Access to mental health services and support is an important topic that is only now being discussed as essential for wellbeing and overall health. Both men and women need access to mental health services in order to thrive, and unfortunately, many people have trouble getting the support they need. In thinking about the state of mental health services in the United States, we need to ask some challenging questions in order to ensure that everyone is taken care of according to their needs. For instance, should men and women have different mental health needs? Or should everyone be given the same care, regardless of gender? This isn’t an easy question to answer. There are lots of variables at play that can affect the services each person needs. Here are just some of the factors that can affect which mental health services are most appropriate.
Do Men and Women Have Different Mental Health Needs?
Biological differences and gender-based cultural socialization can both play a role in a person’s mental health, but does this mean that men and women have different needs for mental health support? Quite possibly, according to recent research. Israeli neuroscientist Hermona Soreq has uncovered differences in the brains of male and female schizophrenia patients and feels that it’s time for women and men to receive different treatment for mental illness, according to these differences. Many women, she argues, do not get the mental health care they need because these diseases have been viewed through a male lens for so long. Because the field of medicine has been dominated by men for so many years, many mental illnesses have been studied only from the male perspective. In addition, male mice are almost always used for testing because they do not have complex reproductive cycles that can affect the research schedule. Cumulatively, this means that the needs of women are often overlooked.
Women’s Mental Health vs. Men’s Mental Health
Men and women can both be affected by mental health disorders, including depression, anxiety, bipolar disorder, PTSD, OCD, and schizophrenia. But these disorders often manifest in different ways and can involve different symptoms in men and women. Overall, women are more likely than men to suffer from severe mental illness. In the United States, 5.7% of adult women and 3.3% of men are diagnosed with a serious mental illness each year. This may be due to the fact that women are more likely to be victims of domestic violence and sexual assault, which heavily contribute to certain mental illnesses. Women also often wait longer before seeking help for problems like PTSD, due to lingering stigma, shame, and other cultural factors. These facts show us that women and men may need different services in order to achieve optimal individual well-being.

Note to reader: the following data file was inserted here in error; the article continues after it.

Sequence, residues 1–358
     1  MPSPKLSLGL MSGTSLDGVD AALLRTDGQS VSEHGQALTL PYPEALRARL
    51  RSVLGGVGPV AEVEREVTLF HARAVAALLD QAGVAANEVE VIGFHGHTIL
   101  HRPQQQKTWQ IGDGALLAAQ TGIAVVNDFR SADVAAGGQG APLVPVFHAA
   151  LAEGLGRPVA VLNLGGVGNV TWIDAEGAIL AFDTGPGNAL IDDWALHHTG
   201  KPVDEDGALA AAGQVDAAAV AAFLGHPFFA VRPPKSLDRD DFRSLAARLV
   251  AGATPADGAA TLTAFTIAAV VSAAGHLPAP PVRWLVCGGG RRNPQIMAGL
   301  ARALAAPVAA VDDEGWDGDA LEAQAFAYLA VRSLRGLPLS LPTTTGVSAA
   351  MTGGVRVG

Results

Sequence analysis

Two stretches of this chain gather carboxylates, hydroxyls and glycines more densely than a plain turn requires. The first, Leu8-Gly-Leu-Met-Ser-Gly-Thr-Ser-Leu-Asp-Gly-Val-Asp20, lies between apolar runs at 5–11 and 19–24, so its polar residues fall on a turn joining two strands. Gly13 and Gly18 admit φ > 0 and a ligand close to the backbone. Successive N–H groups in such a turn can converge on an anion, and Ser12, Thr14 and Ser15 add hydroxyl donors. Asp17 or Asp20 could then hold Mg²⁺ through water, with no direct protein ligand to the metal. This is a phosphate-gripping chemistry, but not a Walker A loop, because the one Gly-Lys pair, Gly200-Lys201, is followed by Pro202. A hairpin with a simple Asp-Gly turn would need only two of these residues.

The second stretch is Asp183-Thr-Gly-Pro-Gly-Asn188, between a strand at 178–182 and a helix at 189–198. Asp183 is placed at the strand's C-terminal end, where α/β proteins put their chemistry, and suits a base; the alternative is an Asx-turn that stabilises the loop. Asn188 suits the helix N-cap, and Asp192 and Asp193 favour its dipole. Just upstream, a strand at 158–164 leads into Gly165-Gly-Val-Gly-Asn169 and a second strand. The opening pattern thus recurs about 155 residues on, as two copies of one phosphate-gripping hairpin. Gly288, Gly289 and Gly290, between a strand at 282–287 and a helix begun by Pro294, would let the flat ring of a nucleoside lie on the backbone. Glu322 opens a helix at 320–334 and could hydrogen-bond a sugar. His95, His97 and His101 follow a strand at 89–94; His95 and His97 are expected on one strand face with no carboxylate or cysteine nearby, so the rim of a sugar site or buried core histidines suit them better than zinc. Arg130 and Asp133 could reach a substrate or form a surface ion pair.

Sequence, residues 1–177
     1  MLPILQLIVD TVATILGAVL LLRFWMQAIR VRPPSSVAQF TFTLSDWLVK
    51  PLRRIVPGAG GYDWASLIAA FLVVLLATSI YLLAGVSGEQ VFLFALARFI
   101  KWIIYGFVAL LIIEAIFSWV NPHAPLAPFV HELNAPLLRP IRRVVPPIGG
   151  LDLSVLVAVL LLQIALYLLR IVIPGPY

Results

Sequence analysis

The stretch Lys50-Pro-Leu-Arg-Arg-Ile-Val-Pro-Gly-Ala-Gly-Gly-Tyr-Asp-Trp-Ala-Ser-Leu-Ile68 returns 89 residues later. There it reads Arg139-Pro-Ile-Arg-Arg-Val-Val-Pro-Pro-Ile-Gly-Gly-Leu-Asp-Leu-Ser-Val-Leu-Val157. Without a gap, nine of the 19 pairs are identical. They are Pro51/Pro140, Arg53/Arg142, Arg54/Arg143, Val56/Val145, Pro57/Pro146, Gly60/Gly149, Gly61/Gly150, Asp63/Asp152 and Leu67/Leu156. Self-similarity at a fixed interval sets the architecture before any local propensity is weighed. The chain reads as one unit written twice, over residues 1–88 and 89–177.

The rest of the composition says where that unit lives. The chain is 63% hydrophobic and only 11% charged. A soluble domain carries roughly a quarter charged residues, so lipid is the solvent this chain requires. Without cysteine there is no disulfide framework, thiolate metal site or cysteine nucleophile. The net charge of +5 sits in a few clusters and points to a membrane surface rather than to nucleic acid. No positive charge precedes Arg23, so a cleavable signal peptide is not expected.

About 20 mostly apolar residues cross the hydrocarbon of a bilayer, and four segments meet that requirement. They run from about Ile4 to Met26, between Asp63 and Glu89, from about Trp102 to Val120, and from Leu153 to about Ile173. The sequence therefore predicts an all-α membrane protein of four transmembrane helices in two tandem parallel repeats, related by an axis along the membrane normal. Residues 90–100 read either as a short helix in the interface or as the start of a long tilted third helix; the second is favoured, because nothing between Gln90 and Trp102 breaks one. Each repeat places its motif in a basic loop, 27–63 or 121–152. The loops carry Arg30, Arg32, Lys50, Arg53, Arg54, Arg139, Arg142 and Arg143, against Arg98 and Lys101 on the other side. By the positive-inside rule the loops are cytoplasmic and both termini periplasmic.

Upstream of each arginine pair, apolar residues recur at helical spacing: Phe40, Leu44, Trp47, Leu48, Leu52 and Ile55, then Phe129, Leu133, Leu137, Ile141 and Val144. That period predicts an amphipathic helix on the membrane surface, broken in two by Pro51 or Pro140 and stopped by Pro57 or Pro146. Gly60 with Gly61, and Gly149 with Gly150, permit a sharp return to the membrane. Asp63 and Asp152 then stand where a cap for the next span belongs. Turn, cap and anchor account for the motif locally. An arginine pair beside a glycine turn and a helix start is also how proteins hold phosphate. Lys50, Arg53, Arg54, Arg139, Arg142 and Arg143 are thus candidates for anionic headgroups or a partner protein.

What About Work? Is Offering Different Mental Health Services Promoting Gender Inequality?
Mental health in the workplace is key to productivity and happiness. In fact, anxiety and depression alone cost employers worldwide about $1 trillion each year in productivity. That’s huge, and it’s an enormous incentive for companies to offer their employees mental health services. But how should employers approach mental health services for men and women in the workplace? Is offering different services actually discriminatory? Obviously, equality is important. But what we need to be thinking about is equity—the process of compensating for disadvantages that exist for a group in order to work toward equality. Historically, women’s mental health needs have been dismissed more often than men’s. Because of this, offering mental health services that promote equity and acknowledge the different needs men and women have is key. However, it is also important for employers to understand and comply with federal and state regulations while ensuring that employees feel supported instead of excluded or singled out.
Do Mental Health Needs Shift with Age?
As if the biological and cultural factors of mental health needs weren’t enough, there’s the question of age. Do a person’s needs shift as they age? Unsurprisingly, the answer is yes. Over 20% of the senior population in the United States has at least one mental health issue. Older people may develop conditions such as Alzheimer’s or dementia, but they may also suffer from depression, anxiety, and other mental health issues that affect every age group. Seniors often do not have support from friends or family members and may struggle with isolation. It’s absolutely crucial for people to have access to mental health services as they age, regardless of gender identity.
Making Mental Health a Priority For Everyone
As a society, we’re finally beginning to acknowledge just how common and devastating mental illness of all types can be. Depression and anxiety cause huge numbers of men and women to struggle on a regular basis and can make everyday activities difficult. We need to continue to break down the stigma surrounding mental illness and understand that everyone needs mental health services to thrive. Understanding the needs of different groups is key to ensuring that everyone gets the specialized help they need when they need it.